Approaches to Painting
U.C. Berkeley, Painting Department, 2010
California College of Art, Drawing and Painting Department, 2008
California College of Art, Drawing and Painting Department, 2010
Points of Penetration: The Grotesque Body and Humor in Art
This course focuses on historical and contemporary definitions of humor and the grotesque, their overlap, and their respective constructions as social and cultural categories, through artistic, philosophical, psychoanalytic, literary, feminist and post-colonial perspectives. Our sources will include readings, artistsʼ practices ranging from painting to performance, pre- to post-20th century, popular culture and the media.
California College of Art, Graduate Fine Art, 2008
California College of Arts, Visual and Critical Studies, 2010
You Said It Wouldn't Hurt: Perspectives on the Body and Trauma in Contemporary Art
This course focuses on historical and contemporary definitions of the body and trauma, and their use in contemporary painting, performance and installation art. We will draw on aesthetic, sociological, philosophical, psychoanalytic, literary, feminist and post-colonial perspectives in our examination of theories of phenomenology, perception, embodiment, subjectivity, and collective memory. Our sources will include readings, recent artistsʼ practices, popular culture and the media.
California College of Art, Graduate Fine Art, 2009
Seeing Through Empire: World Fairs, Ethnographic Display and Constructing Otherness
The Great Exhibition at the Crystal Palace in London opened on May 1, 1851 and marked the birth of the international exhibition movement. This course will examine the birth and evolution of the World Fair as a symbolic universe which offered viewer/ participants a cohesive explanatory model for social experience locating the exhibition’s ideological functions within imperial policies domestically and abroad. The course will be comprised of three overlapping areas of inquiry: the history of imperial cultural practice and policy in the form of the World Fair, the blending of science and art in the creation of racial categories, taxonomy and ethnographic displays, culminating with a consideration of it’s contemporary legacy within a globalized context. In exploring the legacy of the World Fair, possibilities for consideration include the internal and external structures of International Art Biennials and their compartmentalization into national pavilions, ethnographic impulses imbedded in the marketing and reception of non-European artists, contemporary Natural History, Ethnographic and Heritage Museums and tourism. Our research will be informed by artistic, philosophical,historical, psychoanalytic, anthropological and post-colonial perspectives.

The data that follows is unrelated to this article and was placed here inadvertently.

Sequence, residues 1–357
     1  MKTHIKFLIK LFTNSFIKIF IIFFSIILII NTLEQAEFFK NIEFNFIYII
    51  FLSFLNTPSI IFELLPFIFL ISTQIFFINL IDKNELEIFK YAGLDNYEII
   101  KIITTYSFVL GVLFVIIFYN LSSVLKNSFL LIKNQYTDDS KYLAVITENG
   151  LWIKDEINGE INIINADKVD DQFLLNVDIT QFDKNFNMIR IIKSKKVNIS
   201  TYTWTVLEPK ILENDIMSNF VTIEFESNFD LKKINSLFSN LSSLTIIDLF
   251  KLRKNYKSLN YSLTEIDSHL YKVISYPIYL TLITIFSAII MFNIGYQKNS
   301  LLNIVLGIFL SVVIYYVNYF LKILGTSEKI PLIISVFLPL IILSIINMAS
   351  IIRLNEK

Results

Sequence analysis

Proposal for Course
Contingency of Culture: Art, Politics and Possibility
Divided into 3 time periods, pre-20th Century, 20th Century and the 21st Century, and understood within the overlapping frames of Imperialism, Modernity and Globalization, the course will begin by tracing the transition of private European collections to the birth of the first modern public museums in the 18th and 19th Centuries. The 19th Century marks the birth of the first International exhibition, in the form of the World Fair. It served as a symbolic universe offering a cohesive explanatory model for social experience and locates the exhibitionʼs ideological functions within imperial policies domestically and abroad.
San Francisco Art Institute, Exhibitions and Museum Studies, 2009